Medical Services Kuala Lumpur General Hospital (%2615 5555; Jln

SIGHTS

Kuala Lumpur’s colonial district hugs Sungai Klang between Jln Tun Perak and Jln Kinabalu The symbolic heart is Merdeka Square (Jln Raja Laut), a formal parade ground with dutifully posing architectural legacies of Malaysia’s successive conquerors, both Islamic and European. Fittingly, the nation’s independence was proclaimed here in 1957. Further

Pahang)

Twin Towers Medical Centre (%2382 3500; Lot 401 F&G, 4th fl, Suria KLCC Shopping Complex)

Money Banks and ATMs are concentrated around Jln Silang at the northern edge of Chinatown. Moneychangers are located in shopping malls, along Lebuh Ampang and near Klang bus station on Jln Sultan.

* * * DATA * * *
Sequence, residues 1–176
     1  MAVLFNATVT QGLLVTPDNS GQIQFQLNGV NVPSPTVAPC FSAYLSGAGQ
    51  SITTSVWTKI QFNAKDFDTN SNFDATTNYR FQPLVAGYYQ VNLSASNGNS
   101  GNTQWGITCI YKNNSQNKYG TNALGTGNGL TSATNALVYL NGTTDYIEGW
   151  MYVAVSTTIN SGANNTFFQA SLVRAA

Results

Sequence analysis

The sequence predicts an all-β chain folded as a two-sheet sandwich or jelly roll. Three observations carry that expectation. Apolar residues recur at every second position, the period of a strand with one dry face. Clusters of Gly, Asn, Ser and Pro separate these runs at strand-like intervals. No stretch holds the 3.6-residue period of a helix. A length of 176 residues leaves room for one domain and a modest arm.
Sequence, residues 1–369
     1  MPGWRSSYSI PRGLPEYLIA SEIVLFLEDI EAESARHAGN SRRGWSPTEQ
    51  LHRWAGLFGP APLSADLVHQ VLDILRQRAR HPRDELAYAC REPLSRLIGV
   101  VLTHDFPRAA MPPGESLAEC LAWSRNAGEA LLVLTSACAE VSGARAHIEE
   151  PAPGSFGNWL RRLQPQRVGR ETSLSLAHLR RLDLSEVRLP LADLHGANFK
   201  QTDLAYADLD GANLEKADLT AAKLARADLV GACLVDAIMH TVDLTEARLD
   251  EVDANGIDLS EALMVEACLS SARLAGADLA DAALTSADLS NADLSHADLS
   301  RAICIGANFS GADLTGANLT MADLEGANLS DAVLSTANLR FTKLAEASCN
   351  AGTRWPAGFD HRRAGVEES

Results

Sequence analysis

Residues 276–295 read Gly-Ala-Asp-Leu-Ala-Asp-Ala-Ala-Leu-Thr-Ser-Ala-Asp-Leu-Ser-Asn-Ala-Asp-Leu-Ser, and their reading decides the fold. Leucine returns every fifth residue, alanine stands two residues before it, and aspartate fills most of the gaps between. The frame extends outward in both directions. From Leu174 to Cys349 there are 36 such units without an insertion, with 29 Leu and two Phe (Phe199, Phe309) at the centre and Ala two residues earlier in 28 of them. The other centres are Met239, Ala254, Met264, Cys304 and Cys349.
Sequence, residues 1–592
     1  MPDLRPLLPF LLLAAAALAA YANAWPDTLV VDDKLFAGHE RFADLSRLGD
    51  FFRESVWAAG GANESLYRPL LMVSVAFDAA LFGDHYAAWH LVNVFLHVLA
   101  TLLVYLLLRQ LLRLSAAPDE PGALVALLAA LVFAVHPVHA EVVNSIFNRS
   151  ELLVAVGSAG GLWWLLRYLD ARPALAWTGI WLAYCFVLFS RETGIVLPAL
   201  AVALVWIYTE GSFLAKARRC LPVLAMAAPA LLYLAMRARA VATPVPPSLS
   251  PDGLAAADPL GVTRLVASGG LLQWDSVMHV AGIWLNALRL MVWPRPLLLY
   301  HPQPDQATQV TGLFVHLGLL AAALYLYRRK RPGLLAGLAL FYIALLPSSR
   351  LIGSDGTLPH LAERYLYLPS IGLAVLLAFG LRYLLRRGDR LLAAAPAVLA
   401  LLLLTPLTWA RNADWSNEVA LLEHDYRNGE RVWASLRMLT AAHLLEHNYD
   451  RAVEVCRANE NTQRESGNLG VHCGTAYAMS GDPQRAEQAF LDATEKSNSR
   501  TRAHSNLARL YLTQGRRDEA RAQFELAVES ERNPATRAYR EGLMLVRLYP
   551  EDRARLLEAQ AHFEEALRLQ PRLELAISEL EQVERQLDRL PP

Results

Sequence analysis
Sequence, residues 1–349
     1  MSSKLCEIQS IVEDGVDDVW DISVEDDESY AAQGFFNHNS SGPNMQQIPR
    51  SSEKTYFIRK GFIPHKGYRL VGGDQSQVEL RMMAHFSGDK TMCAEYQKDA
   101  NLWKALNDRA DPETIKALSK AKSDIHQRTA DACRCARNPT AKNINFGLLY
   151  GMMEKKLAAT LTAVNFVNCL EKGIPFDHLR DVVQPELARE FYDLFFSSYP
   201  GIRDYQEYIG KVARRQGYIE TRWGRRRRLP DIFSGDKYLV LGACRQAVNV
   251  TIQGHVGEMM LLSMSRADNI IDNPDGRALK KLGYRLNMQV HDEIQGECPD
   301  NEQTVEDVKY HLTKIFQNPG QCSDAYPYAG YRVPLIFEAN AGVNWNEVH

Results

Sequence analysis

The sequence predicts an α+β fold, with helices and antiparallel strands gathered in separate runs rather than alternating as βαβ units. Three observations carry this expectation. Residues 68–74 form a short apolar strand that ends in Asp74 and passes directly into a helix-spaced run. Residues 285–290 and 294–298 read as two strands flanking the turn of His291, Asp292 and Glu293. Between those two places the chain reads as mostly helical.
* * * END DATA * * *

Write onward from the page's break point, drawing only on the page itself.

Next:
FAST FACTS „ Telephone code:

%60 country, %03

city „ Population: 1.8 million „ Time: GMT+8 „ Visas: most nationalities get a 30-day

tourist visa on arrival

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KUALA LUMPUR To Kuala Lumpur Hospital (1.5km); Pekeliling Bus Station (2km)

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G AT E W AY K UA L A LU M P U R • • S i g h t s

INFORMATION Immigration Office......................1 B2 Kinokuniya..............................(see 42) Main Post Office........................ 2 A4 MPH Bookstores.....................(see 39) Malaysian Tourist Information Complex.................................3 C1 STA Travel.................................. 4 C4 Twin Towers Medical Centre KLCC......................................5 D1

Coliseum Hotel......................... 17 Hotel Lok Ann...........................18 Hotel Maya...............................19 Impiana.................................... 20 Le Village.................................. 21 Number Eight Guesthouse........ 22 Pondok Lodge.......................... 23 Rainforest Bed & Breakfast........ 24 Swiss-Inn.................................. 25 Wheeler's Guesthouse.............. 26